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‘Iran to expand naval presence in high seas’

19 May 2015 23:21


Iran’s Navy Commander Rear Admiral Habibollah Sayyari says the Islamic Republic will expand its naval presence in international waters.

Rear Admiral Sayyari said Tuesday that Iran has some “operational plans” for broader presence in international waters.

“We are a peaceful nation and are not in the habit of trespassing the borders of other countries,” he told IRNA, adding that Iran will, however, have its military vessels sail in international waters as they belong to all the countries of the world.

The Iranian commander said that Iranian vessels have had continuous presence in an area that covers the northern limits of the Indian Ocean, a waterway, which Sayyari said, is of geopolitical and commercial importance to Iran and the entire world.

He said more than a third of the global trade transit takes place through the northern part of the Indian Ocean, and for Iran, a country which relies on maritime transportation for more than 90 percent of its exports, the presence would be of high significance.

Iranian flotillas have already been to several areas in the high seas, including waterways near India, Sri Lanka, the Equator, Indonesia, the Strait of Malacca, the Pacific Ocean, the Suez Canal, the Mediterranean and the South Indian Ocean, Sayyari said.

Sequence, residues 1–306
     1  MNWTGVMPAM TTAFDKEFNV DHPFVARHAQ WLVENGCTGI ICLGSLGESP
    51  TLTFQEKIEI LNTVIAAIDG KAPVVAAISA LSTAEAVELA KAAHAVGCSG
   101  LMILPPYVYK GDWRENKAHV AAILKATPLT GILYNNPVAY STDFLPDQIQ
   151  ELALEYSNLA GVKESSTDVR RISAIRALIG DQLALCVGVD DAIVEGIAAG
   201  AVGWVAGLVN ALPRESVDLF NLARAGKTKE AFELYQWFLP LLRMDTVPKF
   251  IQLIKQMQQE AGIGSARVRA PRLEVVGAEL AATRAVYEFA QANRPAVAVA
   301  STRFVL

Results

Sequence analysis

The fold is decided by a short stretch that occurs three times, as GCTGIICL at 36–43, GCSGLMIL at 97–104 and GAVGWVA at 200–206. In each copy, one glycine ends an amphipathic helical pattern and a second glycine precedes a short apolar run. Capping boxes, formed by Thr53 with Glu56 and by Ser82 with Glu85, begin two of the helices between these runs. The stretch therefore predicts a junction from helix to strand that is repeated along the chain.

Iranian interests in the Gulf of Aden

“We have interests in the Gulf of Aden because our commercial ships are sailing, and we have to protect the safety of these vessels,” Sayyari said.

He also elaborated on the presence of the Iranian 34th flotilla in the Gulf of Aden, saying that Iran has dispatched the flotilla to the waterway to escort the ships sailing there.

He said that the flotilla, which is comprised of the Alborz destroyer and the Bushehr logistic vessel, is currently patrolling the region with the aim of ensuring security, adding that it will be ready to help other ships if need be.

The 34th fleet of the Iranian Navy began its journey toward the Gulf of Aden on April 9. The ships entered the waterway through a passage between the boundaries of Yemen and Oman before reaching the Bab-ul-Mandab Strait. After sailing through the strait, the ships will sail toward the Red Sea, according to Sayyari.

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